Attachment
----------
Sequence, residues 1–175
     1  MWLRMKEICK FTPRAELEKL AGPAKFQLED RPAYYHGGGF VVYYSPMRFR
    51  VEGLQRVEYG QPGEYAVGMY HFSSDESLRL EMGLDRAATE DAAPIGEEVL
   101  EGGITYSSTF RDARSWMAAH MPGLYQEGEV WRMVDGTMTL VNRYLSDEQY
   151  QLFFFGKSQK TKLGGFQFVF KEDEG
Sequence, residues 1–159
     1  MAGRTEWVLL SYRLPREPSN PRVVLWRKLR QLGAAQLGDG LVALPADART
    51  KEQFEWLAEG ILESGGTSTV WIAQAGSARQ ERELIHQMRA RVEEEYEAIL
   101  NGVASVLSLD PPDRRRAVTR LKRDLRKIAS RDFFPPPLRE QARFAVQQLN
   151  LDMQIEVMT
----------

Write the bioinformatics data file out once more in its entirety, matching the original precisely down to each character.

Sequence, residues 1–175
     1  MWLRMKEICK FTPRAELEKL AGPAKFQLED RPAYYHGGGF VVYYSPMRFR
    51  VEGLQRVEYG QPGEYAVGMY HFSSDESLRL EMGLDRAATE DAAPIGEEVL
   101  EGGITYSSTF RDARSWMAAH MPGLYQEGEV WRMVDGTMTL VNRYLSDEQY
   151  QLFFFGKSQK TKLGGFQFVF KEDEG
Sequence, residues 1–159
     1  MAGRTEWVLL SYRLPREPSN PRVVLWRKLR QLGAAQLGDG LVALPADART
    51  KEQFEWLAEG ILESGGTSTV WIAQAGSARQ ERELIHQMRA RVEEEYEAIL
   101  NGVASVLSLD PPDRRRAVTR LKRDLRKIAS RDFFPPPLRE QARFAVQQLN
   151  LDMQIEVMT